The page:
Come join us for a presentation and signing featuring New Yorker writer and former New Orleans resident Howard Fishman who spent twelve years excavating the life and pursuing the story of vanished musical pioneer Connie Converse. The result is TO ANYONE WHO EVER ASKS: The Life, Music, and Mystery of Connie Converse, recently chosen by Pitchfork as one of the Top 10 Music Books of 2023. Part biography, part detective story, and part inward journey, the book investigates the pioneering work of this lost songwriter, singer, scholar, artist, poet, and activist, revealing at last a major figure in American culture, overlooked until now.
The mysterious true story of Connie Converse—a mid-century New York City songwriter, singer, and composer whose haunting music never found broad recognition—and one writer’s quest to understand her life
The story of Connie Converse is a haunting musical mystery. Her recordings were too good, her story too otherworldly. She lived in New York City in the ’60s and ’70s, producing recordings that few would hear. Then, after years of attempting to make it as a musician, she simply drove off one day and was never heard from again. When Howard Fishman first heard her music, he became obsessed with finding out the truth of what happened to this pioneer singer-songwriter.
Connie’s music was groundbreaking, ahead of its time, and as a result was largely ignored by all but a close circle of friends. Howard approaches her story as both a fan and a detective, and expertly weaves a narrative of her life and music, highlighting all the ways that it has come to speak to him as both an artist and a person.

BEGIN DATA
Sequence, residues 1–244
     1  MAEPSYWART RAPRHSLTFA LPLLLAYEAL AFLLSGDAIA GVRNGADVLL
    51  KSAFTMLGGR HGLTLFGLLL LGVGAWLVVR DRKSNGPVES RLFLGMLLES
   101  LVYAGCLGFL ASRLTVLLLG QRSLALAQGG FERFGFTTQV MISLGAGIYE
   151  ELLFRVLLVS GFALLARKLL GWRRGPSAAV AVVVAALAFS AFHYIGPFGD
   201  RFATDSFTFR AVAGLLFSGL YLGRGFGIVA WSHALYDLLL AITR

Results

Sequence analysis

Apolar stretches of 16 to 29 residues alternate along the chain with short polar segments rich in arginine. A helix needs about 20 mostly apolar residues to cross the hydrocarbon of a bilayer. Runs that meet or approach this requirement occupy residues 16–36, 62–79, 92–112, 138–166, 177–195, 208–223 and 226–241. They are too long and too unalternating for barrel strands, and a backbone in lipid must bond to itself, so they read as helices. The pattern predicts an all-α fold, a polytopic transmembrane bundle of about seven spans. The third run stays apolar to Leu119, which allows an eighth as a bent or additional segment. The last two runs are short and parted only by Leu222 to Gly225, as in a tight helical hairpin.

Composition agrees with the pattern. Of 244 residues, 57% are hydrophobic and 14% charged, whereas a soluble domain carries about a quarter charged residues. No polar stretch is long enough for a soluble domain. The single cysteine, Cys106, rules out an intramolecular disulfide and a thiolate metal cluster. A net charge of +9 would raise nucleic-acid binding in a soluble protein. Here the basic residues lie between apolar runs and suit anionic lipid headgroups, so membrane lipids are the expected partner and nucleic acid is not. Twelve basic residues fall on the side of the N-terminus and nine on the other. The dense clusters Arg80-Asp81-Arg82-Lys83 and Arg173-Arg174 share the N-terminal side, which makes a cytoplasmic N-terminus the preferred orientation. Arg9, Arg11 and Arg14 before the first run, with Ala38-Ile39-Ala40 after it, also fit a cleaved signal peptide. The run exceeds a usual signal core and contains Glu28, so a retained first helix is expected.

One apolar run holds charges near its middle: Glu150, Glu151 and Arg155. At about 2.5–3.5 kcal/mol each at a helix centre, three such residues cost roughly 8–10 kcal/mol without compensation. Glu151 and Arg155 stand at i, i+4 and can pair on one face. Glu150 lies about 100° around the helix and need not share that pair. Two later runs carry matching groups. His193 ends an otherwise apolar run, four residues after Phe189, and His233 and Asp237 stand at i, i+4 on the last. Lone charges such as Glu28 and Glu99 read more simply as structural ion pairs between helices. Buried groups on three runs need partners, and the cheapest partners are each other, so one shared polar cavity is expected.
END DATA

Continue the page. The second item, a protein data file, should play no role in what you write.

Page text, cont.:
TO ANYONE WHO EVER ASKS is rife with mystery and narrative thrust, but also looks at many of the deeper questions that haunt the artistic community. What does it really mean to be successful? What does it mean to be an outsider? When did music, and the creation of art, become so reliant on rigid classifications? And, as
Fishman works closely with many of Connie’s remaining family members, what is the role of a biographer in shaping and defining another person’s legacy?
Howard Fishman is a frequent contributor to The New Yorker, where he has published essays on music, film, theater, television, and culture. His essays have also appeared in Vanity Fair, Artforum, No Depression, San Francisco Chronicle, Mojo, and Salmagundi. Fishman’s writing was awarded First Prize for Arts and Entertainment Portfolio from the Society for Features Journalism, and he’s been an invited guest speaker on BBC Radio and on various NPR affiliates. His play, A Star Has Burnt My Eye, was a New York Times “Critics Pick.” As a performing songwriter, Fishman has toured widely as an international artist for over two decades. He has released eleven albums to date. He lives in Brooklyn, NY.